Engage in Professional Learning
2nd of May, 2019
The following observations occurred during my 10-week placement. Below is an example of one of the observations that my mentor completed during a HASS lesson on the 2nd of May 2019.
One of the constructive pieces of feedback received from this lesson was to continue to look for students ‘doing the right thing’ and acknowledge this to the class first, instead of redirecting students who are not ‘doing the right thing’. When implemented, I found this to be an effective positive behaviour support tool which improved student engagement and participation. (6.3)
14th of June, 2019
I applied this constructive feedback, and this was noted during my next lesson observation. This was completed by my graduate mentor on the 14th of June.
At the start of the lesson I engaged students with a warmup activity. For this, students had white boards and markers out on desks. I engaged students with open and closed questions to elicit prior understanding. Then I did some explicit teaching about discount. Giving clear directions, I sent students off to do some practice questions in the textbook. Throughout the lesson, I maintained a teacher presence, had excellent peripheral vision and kept an eye on all students. I used consistent, firm and fair behaviour management using appropriate tone, pitch, and speed. I gave appropriate feedback to students, acknowledged and developed student responses in an appropriate and inclusive manner. For example, I acknowledged who was ‘doing the right thing,’ and pulled out students who required extra support. I always remained calm and patient. Students were working in class on different activities, some were doing work with the text at their desk, others were working with me in a small group. After I finished with the small group and they went back to their desks, I walked around the room to check in and assist students to ensure their understanding and engagement. I varied gestures for student engagement and management. My graduate mentor noted that I was working hard to understand my mathematics content knowledge. She acknowledged that I was using appropriate vocabulary and meta language to develop students conceptual understanding. She advised me to keep working hard at this. (3.3), (3.5), (4.1), (4.2), (2.5)
My graduate mentor suggested that I include a WALT, a WILF, a TIB and a reflection at the end of the lesson. These connect to learning outcomes from The Australian Curriculum (ACARA, 2019). When I did apply these in following lessons, I found that students were clearer about what they were expected to know, understand and be able to do as a result of the lesson (Wiggins & McTighe, 2011). Making time for students to reflect at the end of a lesson helps students to make stronger connections with their learning (Moon, 1999). The implementation of these allowed for further student learning growth. (1.2), (6.3), (2.1)
This experience has led me to reflect on my numeracy practice and identify professional learning needs based on the AITSL standards. For example: In the AITSL standard 2.5, it states clearly that I should “know and understand literacy and numeracy teaching strategies and their application in teaching areas” (2019). Therefore, I planned for professional learning needs. I explored professional mathematics associations and professional development associations, for example The Mathematics Association of South Australian, Learning 4 All and SPELT SA for professional development opportunities. (6.1), (6.2)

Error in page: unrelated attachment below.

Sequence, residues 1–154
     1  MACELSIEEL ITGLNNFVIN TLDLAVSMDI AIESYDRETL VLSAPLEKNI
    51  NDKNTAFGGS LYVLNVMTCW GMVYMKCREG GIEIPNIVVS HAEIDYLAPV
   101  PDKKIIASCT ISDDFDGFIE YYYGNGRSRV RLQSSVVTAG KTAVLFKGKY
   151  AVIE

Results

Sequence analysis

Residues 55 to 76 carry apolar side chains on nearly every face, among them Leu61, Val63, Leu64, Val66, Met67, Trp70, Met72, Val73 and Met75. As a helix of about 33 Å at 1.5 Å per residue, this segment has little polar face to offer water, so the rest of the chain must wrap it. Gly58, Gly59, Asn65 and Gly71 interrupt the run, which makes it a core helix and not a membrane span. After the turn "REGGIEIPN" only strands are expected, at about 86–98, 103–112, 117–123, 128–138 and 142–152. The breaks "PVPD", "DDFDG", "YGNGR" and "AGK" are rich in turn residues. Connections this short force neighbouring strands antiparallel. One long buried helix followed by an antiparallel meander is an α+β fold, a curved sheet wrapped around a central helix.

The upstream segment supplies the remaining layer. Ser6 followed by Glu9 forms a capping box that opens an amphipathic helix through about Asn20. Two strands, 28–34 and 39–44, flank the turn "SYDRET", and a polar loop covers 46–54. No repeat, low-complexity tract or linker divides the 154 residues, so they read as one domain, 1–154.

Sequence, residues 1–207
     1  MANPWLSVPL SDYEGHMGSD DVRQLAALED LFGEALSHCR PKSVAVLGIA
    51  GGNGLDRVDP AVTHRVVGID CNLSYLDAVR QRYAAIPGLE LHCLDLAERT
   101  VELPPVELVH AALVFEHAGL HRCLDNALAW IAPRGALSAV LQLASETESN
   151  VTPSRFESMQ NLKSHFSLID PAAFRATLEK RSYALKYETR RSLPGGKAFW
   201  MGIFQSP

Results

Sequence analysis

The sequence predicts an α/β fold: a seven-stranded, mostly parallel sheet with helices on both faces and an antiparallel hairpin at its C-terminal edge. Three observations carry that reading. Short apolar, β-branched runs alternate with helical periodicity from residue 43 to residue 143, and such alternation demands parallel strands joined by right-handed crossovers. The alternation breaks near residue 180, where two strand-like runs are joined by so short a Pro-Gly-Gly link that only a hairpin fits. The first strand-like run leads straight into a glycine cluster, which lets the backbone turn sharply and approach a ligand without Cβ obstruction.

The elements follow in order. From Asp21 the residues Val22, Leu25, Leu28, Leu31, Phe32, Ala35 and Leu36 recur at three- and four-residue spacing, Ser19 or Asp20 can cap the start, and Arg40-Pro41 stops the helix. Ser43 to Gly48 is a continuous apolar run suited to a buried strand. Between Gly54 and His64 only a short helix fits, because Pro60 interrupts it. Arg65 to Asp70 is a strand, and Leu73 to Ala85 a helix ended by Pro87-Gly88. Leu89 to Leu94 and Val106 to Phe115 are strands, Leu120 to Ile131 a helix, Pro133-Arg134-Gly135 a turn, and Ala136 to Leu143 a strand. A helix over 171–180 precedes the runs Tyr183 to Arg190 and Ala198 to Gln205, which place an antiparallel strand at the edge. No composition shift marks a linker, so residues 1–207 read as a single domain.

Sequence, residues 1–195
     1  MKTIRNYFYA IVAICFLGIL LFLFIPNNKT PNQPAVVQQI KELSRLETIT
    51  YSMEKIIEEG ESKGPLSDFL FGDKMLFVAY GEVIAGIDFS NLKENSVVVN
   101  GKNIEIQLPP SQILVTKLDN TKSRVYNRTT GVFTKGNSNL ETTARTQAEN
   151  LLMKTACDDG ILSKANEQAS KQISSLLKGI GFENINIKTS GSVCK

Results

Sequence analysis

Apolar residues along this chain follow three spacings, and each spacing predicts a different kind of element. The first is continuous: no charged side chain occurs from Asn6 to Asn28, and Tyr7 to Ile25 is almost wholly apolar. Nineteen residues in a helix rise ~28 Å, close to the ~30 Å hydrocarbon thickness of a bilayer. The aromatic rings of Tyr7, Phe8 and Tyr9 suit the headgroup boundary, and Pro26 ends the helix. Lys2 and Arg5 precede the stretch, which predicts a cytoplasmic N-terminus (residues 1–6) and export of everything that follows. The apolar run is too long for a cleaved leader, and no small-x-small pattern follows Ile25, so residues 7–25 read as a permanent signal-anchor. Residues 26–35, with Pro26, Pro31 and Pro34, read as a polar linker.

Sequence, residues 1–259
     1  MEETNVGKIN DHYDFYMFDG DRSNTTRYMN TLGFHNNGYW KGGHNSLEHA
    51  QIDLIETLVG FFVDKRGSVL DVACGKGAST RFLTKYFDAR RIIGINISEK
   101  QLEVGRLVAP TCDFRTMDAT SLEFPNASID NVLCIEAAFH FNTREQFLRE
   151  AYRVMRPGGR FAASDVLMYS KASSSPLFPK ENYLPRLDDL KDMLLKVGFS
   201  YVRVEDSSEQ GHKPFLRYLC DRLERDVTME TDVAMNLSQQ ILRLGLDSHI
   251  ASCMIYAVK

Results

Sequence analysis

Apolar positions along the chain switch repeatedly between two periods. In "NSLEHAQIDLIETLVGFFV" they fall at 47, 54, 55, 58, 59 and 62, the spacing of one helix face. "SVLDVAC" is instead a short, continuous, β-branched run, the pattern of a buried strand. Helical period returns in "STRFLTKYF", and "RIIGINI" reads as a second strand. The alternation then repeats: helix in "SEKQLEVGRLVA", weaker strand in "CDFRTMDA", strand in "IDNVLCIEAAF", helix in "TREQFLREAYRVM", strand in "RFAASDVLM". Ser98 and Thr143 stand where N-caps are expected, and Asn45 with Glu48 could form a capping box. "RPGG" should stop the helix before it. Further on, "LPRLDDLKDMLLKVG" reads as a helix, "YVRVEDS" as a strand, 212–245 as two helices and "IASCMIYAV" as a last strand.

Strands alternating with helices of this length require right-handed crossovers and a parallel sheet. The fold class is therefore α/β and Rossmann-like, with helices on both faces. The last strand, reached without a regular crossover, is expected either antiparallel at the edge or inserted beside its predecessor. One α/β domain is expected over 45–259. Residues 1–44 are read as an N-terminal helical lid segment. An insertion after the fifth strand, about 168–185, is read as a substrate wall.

Mathematics with Lisa-Jane O’Conner
Based on observations of my practice and discussions with colleagues during placement, I decided that I should extend my literacy and mathematics teaching practice by doing the following: (7.4)
- Complete professional development in literacy
- Complete professional development in mathematics
- Make my Internship project about mathematics.
After my extended 10-week placement, I participated in a Lisa-Jane O’Connor’s workshop (7.4), “Where’s the sense in number sense?”
I have been able to implant my numeracy professional learning during my Internship project. It has already enhanced my teaching practice and impacted positively on student learning growth. Students have made considerable growth in the mathematical learning. (6.2), (6.4) Click here for evidence -Maths consolidation group
Mathematics: MASA Conference
On the 21st of September, 2019, I went along to the Mathematics And Primary School Association (MASA) conference. I learnt some more strategies consolidating mathematical knowledge and extending gifted students. One of the key messages was to make mathematics challenging for gifted students by allowing them to fail. This is because that is where the most growth can be gained and failing creates resilience, especially important for those students who are not used to failing. (6.4) Strategies that I am looking forward to implementing are:
- When giving students questions, there are 5 essential rules.
- The answer is worth = 0 points
- They get a point for the conjecture (guess) = 1 point
- Change your mind and try another conjecture = 1 point
- Once you have tried one conjecture on your own, you can copy a friend.
- You are not allowed to rub anything out.
This strategy will be beneficial for all of the students in the class.
- Principal of problem solving – change the structure of the question. For example, change the operation or put a gap in a weird place.
- Put constraints on the question. For example, you must … or you can’t…
- Encourage students to explain their process by asking these two questions. What is the same? What is different?
- Drip feed pieces of the puzzle. Let students grapple first.
- Prove me wrong – how do you know it’s not …?
- Always let the. gifted student work with a friend – otherwise they could feel isolated. This will also benefit the friend’s mathematics skills.